Towards Mozilla 1.0
Tuesday June 26th, 2001
Gervase Markham recently posted his feelings on what a 1.0 release of Mozilla would be. Gerv has sent us the follow-up to that posting, including much of the feedback he received. To read it, click the full article link. Once you have read through it, we welcome you to post your feelings on what you think a 1.0 release would have. [As Gerv says, please don't post your favorite list of bugs, only the criteria for choosing what bugs to fix.]
#233 Re: Security issues in Mozilla
Monday July 2nd, 2001 1:52 PM
You are replying to this message
I think I was clear enough, first in asking the question "Is there a paper on the security implications of XUL?" (not for the first time here), and then in stating that I was unsure how to interpret the documents that I found for myself when no one answered: "it may be discussing things in a way that makes them look like they're for the future, when in fact they're already implemented."
The reason I was unsure how to interpret the policy document is that it uses tentative phrases like "I am proposing" and "Mozilla should," which makes it unclear whether this is someone's own ideas or actual policy. This ambiguity is why RFCs are careful in using terms like "MUST" and "SHOULD."
Since then, I've looked in Bugzilla and I see that there are definitely ongoing efforts in the areas of preventing spoofing and firewalling dangerous APIs. I can't tell how complete they are, but clearly some work has been done, which confirms my original observation, "I'm sure this has been looked at, so I'm just asking where I can follow up on the issue. Thanks."
I am still quite confused as to the state of the policy document at <http://www.mozilla.org/pr…ty/components/design.html> , which proposes restrictions such as "No web-based XUL" and "no downloadable chrome". I've found Bugzilla bugs from this year which relate to both of these features, which according to the policy document are supposed to be forbidden. Are they forbidden or allowed? Is the document policy or suggestion?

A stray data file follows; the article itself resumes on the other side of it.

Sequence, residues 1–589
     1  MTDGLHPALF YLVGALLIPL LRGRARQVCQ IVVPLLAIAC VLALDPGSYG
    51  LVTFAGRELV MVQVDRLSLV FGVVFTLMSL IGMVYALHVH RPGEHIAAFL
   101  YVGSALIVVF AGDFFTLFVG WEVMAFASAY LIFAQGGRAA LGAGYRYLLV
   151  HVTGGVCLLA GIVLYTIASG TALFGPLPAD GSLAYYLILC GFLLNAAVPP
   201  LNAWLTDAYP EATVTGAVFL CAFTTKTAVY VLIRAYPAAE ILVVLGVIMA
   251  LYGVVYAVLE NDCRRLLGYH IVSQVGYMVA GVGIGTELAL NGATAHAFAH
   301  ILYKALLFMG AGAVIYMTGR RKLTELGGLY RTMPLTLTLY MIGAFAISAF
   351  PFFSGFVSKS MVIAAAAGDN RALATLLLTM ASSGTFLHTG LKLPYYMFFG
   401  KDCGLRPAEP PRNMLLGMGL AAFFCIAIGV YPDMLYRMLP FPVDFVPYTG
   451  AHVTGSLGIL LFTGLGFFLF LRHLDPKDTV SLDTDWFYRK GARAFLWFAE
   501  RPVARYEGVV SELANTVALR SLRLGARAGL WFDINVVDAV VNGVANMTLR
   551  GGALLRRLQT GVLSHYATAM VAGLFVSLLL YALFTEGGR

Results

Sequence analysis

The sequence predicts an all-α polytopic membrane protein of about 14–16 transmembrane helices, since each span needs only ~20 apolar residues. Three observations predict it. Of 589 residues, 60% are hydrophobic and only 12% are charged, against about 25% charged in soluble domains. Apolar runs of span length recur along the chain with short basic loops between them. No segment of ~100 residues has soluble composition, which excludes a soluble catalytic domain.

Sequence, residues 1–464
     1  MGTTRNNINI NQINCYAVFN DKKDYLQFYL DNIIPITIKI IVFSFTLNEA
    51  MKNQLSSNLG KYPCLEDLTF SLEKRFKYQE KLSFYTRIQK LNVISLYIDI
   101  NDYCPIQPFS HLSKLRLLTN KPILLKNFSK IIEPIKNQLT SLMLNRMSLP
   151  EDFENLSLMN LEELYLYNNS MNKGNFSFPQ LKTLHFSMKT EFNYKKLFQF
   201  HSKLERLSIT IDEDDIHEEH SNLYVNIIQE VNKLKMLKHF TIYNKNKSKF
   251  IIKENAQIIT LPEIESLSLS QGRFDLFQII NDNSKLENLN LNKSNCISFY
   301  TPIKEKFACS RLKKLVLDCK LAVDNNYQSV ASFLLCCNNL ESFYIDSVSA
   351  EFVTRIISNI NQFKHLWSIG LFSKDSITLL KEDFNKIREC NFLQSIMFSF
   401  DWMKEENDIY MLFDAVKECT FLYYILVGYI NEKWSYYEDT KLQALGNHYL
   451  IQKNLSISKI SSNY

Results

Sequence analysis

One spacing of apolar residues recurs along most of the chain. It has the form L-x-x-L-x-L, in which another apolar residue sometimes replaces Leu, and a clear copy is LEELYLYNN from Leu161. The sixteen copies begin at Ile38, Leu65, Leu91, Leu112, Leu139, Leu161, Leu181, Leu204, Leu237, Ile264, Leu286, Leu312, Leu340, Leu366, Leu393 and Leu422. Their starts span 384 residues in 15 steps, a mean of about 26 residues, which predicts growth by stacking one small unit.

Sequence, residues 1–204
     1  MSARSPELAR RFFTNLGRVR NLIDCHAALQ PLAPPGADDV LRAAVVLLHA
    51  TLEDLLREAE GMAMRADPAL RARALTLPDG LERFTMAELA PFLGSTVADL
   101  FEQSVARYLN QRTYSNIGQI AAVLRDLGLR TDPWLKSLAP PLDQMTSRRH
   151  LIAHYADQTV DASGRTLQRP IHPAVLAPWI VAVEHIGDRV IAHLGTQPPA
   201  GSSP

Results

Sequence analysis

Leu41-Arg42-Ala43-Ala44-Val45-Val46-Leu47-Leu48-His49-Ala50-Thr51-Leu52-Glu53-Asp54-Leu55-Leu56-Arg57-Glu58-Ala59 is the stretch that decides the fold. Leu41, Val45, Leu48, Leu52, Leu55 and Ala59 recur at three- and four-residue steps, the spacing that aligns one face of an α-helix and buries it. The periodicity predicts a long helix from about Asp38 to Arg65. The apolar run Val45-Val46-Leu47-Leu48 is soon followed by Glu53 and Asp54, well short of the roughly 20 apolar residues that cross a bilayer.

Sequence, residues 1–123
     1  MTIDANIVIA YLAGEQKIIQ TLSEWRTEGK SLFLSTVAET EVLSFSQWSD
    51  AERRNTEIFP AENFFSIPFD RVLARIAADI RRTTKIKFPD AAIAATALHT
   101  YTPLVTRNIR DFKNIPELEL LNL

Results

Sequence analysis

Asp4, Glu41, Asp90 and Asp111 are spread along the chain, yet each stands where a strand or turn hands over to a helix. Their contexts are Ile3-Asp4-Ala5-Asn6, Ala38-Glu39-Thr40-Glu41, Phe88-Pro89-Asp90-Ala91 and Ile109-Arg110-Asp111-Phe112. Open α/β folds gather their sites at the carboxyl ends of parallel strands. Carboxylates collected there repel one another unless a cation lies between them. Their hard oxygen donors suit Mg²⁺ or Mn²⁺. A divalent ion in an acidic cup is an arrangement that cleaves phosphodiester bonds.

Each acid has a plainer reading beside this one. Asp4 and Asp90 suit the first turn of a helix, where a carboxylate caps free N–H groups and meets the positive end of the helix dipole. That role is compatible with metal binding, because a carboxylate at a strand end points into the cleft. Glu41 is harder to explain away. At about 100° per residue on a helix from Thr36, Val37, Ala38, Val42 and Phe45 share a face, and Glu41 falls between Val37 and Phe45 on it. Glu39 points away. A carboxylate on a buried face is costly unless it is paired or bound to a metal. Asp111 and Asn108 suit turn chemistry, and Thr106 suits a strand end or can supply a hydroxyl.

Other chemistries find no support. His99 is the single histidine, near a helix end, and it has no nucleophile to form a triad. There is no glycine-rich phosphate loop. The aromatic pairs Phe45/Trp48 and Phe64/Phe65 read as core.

It also appears from my Bugzilla search that Netscape 6.x and Mozilla 0.9.x versions have gone out with significant security holes, which I speculated might be the case. It's all very well to patch these, but in practice the end user installed base is likely to adopt such patches at a very slow rate after the first stable release. The fact that they are made public in Bugzilla means that Bugzilla is a source of useful information to people looking for holes in recent browser versions. Advocates of open source have claimed that open source makes for better security. That may be true in some ways, but this shows one way in which open information charing can actually harm security. To document security bugs in currently-used browser versions is to facilitate exploits.
It might make sense to change the current policy -- making security bugs public after they are fixed -- to incorporate a time-out linked to the observed upgrade cycle, so that only security bugs in now-largely-disused versions are made public.